An alternative form of pod is the support and containment pod 148 pod, a top view of which is shown in FIG. 14, and a vertical cross section being shown in FIG. 15. Referring to FIG. 15 the support and containment pod 148 comprises a bottom surface 158 and a side surface 160 which are joined to form a leakproof container. The top surface 156 comprises a recessed support channel 150 which receives the rim of a drum, effectively preventing it from moving, and directs spillage to a spill monitoring reservoir 152. Reservoirs 152 collect leakage from a drum and provide a convenient means for identifying if there has been leakage from a particular drum. The corresponding top view of the support and containment pod 148 in FIG. 14 shows the recessed support channel 150, the spill monitoring reservoir 152 and a drainage hole 154. The drainage hole is of critical importance since only a small amount of liquid can be contained in the spill monitoring reservoir. Excess liquid flows down the drainage hole 154, the opening of which is a few millimeters above the bottom of the spill monitoring reservoir 152. In this way a small amount of liquid remains in spill monitoring reservoir 152, but the excess flows into the support and containment pod 148 associated with the drum that has the leak. The advantage of the support and containment pod 148 is that it allows monitoring of leaks and maintains the leaked liquid within a container and does not contaminate the entire basin. In the event that a few gallons leak it is possible to contain the liquid within support and containment pod 148 and remove the leaking drum and support and containment pod 148. In the event of catastrophic failure of a drum, the support and containment pod 148 associated with that drum overflows and the excess overflow is contained within basin 10 and other support and containment pods. FIG. 17 illustrates a support pod 170 which is adapted to support a conventional drum in a generally horizontal orientation. The base 172 of support pod 170 is adapted to be positioned within approximately on half&the basin 10. Base 172 may be open to basin 10 or may have an integrally attached bottom to form a reservoir for containing spillage. Drum support portion 176 positioned above base 172 is adapted to receive the side of a conventional fifty-five gallon drum. Cross channels 177 serve to channel spillage to main channel 179 which is oriented lengthwise below the drum when it is in position on the drum support portion 176. Drain channel 180 directs spillage from main channel 179 through grate 174 into basin 10 or, alternatively, into base 172 when the bottom of base 172 is enclosed to form a containment pod.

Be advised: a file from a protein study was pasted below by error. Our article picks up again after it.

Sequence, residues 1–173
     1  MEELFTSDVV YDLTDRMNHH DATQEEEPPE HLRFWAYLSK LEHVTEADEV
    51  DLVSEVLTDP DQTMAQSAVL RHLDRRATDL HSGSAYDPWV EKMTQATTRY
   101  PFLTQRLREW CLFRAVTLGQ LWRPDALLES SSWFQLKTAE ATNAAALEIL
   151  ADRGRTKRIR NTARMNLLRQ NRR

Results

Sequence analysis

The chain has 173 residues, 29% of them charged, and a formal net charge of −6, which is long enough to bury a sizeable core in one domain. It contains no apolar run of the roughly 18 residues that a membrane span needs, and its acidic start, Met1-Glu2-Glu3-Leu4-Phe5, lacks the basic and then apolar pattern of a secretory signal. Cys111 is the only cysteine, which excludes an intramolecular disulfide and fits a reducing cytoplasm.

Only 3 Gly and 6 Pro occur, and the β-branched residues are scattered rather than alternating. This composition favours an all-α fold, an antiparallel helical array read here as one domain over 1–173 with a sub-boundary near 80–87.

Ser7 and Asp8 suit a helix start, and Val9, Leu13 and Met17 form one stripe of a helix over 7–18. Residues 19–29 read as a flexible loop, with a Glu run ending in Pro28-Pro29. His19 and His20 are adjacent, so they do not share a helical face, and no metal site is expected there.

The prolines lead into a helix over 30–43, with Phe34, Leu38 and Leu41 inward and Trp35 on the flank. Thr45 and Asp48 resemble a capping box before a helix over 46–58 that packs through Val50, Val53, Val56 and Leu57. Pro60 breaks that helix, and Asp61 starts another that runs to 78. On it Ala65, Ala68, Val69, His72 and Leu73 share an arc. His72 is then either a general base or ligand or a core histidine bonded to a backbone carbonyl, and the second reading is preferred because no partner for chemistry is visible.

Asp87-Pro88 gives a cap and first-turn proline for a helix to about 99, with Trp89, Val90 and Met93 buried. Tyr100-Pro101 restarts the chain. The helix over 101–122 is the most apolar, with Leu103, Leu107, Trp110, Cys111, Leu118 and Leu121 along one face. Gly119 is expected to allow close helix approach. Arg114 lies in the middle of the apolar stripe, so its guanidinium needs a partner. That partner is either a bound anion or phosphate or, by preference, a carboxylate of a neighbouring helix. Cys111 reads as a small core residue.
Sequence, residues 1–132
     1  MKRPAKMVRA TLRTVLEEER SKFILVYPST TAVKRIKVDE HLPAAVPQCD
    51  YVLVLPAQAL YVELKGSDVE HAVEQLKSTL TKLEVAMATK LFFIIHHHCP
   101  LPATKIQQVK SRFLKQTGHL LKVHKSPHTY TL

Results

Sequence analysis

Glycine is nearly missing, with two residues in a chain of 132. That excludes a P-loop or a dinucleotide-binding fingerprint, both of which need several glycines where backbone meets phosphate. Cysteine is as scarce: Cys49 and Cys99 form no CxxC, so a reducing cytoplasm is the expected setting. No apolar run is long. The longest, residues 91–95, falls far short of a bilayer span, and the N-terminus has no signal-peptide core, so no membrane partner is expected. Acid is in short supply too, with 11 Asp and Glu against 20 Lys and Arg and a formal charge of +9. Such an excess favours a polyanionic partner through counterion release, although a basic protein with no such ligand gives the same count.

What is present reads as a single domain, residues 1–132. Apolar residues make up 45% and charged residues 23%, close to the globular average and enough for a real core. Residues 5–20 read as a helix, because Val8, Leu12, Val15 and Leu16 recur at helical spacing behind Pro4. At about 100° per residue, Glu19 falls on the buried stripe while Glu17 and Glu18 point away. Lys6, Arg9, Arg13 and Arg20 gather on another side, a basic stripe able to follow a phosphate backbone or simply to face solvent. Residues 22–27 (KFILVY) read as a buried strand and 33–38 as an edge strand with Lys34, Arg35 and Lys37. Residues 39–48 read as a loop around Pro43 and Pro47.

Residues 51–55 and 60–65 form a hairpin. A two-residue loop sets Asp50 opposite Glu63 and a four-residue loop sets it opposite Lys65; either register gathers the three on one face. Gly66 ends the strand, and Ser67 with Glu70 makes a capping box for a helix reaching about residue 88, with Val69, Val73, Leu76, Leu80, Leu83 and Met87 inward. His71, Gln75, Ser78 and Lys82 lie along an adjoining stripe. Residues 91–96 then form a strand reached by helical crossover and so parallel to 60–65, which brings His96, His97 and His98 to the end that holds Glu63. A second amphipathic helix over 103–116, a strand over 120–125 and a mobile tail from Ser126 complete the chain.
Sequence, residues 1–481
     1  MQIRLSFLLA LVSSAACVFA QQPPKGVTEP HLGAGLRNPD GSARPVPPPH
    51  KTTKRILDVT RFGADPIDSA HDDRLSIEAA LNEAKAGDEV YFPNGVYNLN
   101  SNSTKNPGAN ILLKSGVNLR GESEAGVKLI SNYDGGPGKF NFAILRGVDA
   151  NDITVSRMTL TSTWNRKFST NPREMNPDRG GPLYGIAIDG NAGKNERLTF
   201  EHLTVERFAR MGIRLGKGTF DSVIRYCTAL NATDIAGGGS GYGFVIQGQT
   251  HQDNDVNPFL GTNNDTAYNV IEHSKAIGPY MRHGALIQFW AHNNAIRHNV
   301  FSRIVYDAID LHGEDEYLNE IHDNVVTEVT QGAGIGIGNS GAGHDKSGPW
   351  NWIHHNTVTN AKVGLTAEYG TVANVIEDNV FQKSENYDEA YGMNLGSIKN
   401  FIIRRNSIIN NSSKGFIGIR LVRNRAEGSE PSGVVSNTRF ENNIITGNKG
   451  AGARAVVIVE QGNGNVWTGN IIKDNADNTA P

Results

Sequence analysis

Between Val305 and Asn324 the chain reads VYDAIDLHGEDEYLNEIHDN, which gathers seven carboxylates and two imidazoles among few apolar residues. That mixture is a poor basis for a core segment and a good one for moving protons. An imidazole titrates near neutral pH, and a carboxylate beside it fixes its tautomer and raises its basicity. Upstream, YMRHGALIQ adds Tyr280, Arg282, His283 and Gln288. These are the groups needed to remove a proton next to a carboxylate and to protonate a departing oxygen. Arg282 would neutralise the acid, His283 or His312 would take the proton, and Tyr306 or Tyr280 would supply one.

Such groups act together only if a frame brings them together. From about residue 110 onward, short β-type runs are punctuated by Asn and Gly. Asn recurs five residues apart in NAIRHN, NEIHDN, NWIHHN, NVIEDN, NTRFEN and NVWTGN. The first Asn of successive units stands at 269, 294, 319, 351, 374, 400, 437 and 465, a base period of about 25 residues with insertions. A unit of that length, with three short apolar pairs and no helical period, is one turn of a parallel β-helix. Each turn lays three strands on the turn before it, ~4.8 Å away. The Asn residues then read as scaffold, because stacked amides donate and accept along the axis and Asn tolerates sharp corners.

There are a number of clear advantages to this invention which can be seen by considering the use of the disclosed containment and storage unit. A basin is configured with support pods of the integrally molded support type or of the support and containment type, depending on the requirements for ease of monitoring leakage of drums. When placed in the basin the pods cannot move substantially because their sides are adapted to be positioned within the recesses formed by the forklift channels. Drums containing hazardous materials can be loaded onto the support pods by workers or by automated lifting equipment. Because the pods are designed to have a low displacement volume, the overall height of the basin with pods is kept to a minimum, which makes for ease of lifting the drums and maintains a safe distance between the drum surface and the face of the worker. A forklift can be used to lift the basin and drums and load them onto a truck, train or boat for shipping. Upon arrival at their destination, the basin and drums can be unloaded. If the basin and drums are to be stored for a long period of time (typically years) it may be necessary to enclose the drums. At this point a door support arch can be attached to the arch support ledge, and door structures can be added. The drums can be grounded using the grounding and bonding strap which is attached to the storage shelf. Additional materials can be stored in the storage shelf if required. At this point the door structures can be closed and locked. Information regarding the contents and inspection dates can be placed on a placard which is held in the placard holding mechanism on the door structures. At periodic inspection dates, the door structures can be opened and if the support and containment pods are used a visual inspection of the spill monitoring trench will indicate a particular drum is leaking.
Although the present invention has been described in considerable detail with reference to certain preferred version thereof, other versions are possible. For example: the sequence of events described in the previous paragraph are only exemplary and it is possible add the door structures immediately after loading of the basin with support pods so as to provide a closed container for shipping of the drums. Therefore, the spirit and scope of the appended claims should not be limited to the description of the preferred versions contained herein.
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|U.S. Classification||206/386, 220/1.5, 206/524.5, 206/599, 220/23.86, 312/324, 108/55.3|
|International Classification||G21F5/00, B65D90/24|
|Cooperative Classification||B65D90/24, G21F5/00|
|European Classification||B65D90/24, G21F5/00|
|Aug 18, 1997||AS||Assignment|
Owner name: TEC-PRODUCTS, INC., MARYLAND
Free format text: ASSIGNMENT OF ASSIGNORS INTEREST;ASSIGNOR:ABBOTT, TIM;REEL/FRAME:008666/0320
Effective date: 19941116
|Jul 31, 2001||REMI||Maintenance fee reminder mailed|
|Jan 7, 2002||LAPS||Lapse for failure to pay maintenance fees|
|Mar 12, 2002||FP||Expired due to failure to pay maintenance fee|
Effective date: 20020106